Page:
On the other hand, the allocation of users between genders is quite balanced (88% of men and 86% of women) while the most uneven situation is observed among senior citizens. In the 55-74 age cohort there are 6 percent points of difference between men (75%) and women (69%). In addition, differences regarding education level are most pronounced among seniors (55-74), as in this age cohort mobile users are 87% among those with high formal education and 63% among those with low education (odds ratio equals to 1.4). Finally, it should be noted that socio-demographic differences among youth are markedly low because of mobile telephony saturation with practically every person from 16 to 24 years old using them.

Table 2. Type of Subscription to Mobile Telephony, by Age Cohort in European Union (EU27), Year 2008

 

Age cohort

All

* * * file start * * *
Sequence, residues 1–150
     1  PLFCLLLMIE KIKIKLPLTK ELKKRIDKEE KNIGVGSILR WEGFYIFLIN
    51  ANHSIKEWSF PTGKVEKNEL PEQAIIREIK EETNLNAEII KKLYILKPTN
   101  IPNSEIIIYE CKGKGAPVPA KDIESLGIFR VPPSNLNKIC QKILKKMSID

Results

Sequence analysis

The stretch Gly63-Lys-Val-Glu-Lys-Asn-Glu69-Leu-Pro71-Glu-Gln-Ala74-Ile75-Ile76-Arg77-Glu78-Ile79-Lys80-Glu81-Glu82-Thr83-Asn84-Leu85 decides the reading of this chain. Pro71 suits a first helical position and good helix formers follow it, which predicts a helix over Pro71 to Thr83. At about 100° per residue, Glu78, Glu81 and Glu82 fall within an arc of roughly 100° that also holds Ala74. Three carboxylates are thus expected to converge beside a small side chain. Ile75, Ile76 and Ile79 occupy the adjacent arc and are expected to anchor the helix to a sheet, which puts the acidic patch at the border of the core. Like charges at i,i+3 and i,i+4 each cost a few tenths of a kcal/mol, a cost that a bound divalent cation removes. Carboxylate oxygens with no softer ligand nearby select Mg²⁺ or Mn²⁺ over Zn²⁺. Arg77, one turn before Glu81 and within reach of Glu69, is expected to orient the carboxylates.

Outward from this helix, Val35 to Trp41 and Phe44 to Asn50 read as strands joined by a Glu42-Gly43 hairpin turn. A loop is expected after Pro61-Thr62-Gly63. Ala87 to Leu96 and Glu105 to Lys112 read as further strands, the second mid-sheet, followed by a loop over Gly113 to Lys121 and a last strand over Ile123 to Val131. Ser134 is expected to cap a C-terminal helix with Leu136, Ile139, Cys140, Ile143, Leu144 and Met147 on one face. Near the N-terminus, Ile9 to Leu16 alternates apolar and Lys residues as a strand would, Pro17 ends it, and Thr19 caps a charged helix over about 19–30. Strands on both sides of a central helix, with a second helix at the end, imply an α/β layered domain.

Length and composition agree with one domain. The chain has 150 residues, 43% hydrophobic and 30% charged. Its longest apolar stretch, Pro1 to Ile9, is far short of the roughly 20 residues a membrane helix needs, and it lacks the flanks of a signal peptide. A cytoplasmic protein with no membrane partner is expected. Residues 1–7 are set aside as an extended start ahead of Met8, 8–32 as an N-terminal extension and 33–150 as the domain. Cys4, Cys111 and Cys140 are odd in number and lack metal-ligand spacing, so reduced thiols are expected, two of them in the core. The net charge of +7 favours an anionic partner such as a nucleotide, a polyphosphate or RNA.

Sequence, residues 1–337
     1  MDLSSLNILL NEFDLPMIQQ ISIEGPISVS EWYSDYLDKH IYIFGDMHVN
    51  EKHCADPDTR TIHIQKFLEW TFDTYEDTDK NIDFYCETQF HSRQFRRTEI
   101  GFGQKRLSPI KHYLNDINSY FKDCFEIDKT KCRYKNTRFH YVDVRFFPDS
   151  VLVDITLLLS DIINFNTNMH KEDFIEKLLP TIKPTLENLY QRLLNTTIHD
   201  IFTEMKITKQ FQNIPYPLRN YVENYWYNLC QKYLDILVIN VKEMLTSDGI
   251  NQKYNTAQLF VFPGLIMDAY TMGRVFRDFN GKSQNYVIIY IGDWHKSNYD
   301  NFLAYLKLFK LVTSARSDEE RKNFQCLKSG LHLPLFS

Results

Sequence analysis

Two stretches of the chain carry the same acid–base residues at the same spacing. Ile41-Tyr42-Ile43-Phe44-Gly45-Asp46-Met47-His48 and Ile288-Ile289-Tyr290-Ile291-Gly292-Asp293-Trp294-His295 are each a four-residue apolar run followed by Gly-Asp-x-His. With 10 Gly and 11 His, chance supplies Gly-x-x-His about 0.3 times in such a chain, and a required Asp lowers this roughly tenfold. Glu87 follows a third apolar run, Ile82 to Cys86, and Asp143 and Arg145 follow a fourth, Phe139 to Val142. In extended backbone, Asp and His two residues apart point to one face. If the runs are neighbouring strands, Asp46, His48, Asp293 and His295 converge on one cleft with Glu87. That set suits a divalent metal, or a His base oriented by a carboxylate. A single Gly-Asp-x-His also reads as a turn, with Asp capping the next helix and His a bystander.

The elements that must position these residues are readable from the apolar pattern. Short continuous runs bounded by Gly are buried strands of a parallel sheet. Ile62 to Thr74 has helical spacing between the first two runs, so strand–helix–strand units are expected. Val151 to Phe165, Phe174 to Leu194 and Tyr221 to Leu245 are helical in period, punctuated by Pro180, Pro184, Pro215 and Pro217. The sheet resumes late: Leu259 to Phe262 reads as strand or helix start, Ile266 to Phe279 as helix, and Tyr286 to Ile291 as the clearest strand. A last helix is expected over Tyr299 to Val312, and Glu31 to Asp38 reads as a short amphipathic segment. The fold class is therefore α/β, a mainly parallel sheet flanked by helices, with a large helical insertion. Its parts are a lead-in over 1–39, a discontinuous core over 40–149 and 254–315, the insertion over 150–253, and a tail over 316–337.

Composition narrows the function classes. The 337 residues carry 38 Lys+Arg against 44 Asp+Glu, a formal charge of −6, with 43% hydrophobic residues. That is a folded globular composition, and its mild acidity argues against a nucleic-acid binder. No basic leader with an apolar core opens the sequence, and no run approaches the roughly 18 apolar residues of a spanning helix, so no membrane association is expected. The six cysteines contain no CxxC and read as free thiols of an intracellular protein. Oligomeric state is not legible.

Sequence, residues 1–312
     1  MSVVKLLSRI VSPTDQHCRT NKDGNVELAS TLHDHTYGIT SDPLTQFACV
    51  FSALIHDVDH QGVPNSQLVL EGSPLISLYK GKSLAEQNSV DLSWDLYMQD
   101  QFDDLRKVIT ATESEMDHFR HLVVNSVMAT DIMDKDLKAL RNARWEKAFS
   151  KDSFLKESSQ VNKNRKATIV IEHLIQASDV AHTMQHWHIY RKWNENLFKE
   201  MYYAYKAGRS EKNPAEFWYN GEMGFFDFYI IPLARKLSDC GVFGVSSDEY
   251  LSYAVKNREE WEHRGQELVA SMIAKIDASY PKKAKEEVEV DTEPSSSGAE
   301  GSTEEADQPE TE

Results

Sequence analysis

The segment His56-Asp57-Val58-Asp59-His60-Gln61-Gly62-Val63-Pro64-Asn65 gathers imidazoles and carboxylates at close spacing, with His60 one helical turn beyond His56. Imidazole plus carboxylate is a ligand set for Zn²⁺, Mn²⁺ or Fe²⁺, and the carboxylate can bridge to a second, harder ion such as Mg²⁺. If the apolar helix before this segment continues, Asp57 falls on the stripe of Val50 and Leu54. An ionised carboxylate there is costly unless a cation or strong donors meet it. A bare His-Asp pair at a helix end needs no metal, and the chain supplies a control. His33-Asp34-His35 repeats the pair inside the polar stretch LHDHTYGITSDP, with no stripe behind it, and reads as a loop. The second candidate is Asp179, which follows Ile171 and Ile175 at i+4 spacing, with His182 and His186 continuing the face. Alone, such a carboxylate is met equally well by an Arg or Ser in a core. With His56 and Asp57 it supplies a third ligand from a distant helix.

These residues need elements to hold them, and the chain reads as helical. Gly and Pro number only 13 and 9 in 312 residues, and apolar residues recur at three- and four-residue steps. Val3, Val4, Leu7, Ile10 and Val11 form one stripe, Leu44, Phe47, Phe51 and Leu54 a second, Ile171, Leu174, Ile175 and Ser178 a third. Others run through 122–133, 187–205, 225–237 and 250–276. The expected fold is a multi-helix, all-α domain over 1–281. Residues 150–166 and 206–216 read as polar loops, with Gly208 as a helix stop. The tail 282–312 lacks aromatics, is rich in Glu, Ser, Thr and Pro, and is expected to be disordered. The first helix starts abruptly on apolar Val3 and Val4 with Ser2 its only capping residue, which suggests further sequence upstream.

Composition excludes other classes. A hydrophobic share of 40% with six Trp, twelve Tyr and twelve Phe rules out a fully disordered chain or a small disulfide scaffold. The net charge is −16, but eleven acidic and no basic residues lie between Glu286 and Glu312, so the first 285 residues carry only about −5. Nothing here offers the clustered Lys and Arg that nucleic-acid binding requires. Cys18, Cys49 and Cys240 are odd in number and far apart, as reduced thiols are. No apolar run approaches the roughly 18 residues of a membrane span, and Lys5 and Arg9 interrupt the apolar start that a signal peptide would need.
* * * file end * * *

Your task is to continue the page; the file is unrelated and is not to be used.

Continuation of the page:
Youth

Adults

Seniors

16-74

16-24

25-54

55-64

65-74

 

 

 

 

 

 

Subscription (% of users)

 

 

 

 

 

Pre-payment

39

42

35

45

55

Post-payment

47

47

52

41

29

Post-payment with flat rate for Internet access via mobile phone

4

5

5

2

-

Note: in the original, figures do not add 100.

-: not available.

Source: Eurostat (2010).

 

In terms of billing plans (Table 2), it can be seen that more than one third of the users have prepaid subscriptions (39%). Youth (42%) are slightly over the average, as when first introduced, the mobile phone tends to be a prepaid one. The young population turns to postpaid plans as they get older which are associated with higher consumption capacity levels (Castells et al., 2006). The senior population ranks even higher than youth, with 45% of subscriptions being prepaid among the 55-64 cohort and 55% in the 65-74 cohort. Elderly people are later adopters of mobile telephony, which may be partially explained by their use and ownership of fixed telephones. Therefore, as in the case of children and teenagers, it is more likely that the first mobile phone will be a postpaid one. In the future, it would be interesting to study the evolution of billing plans, when those adults that used to have prepaid plans become seniors. Finally, a recent billing package of postpaid bills with a flat rate for Internet access are just beginning to take off (4% on average).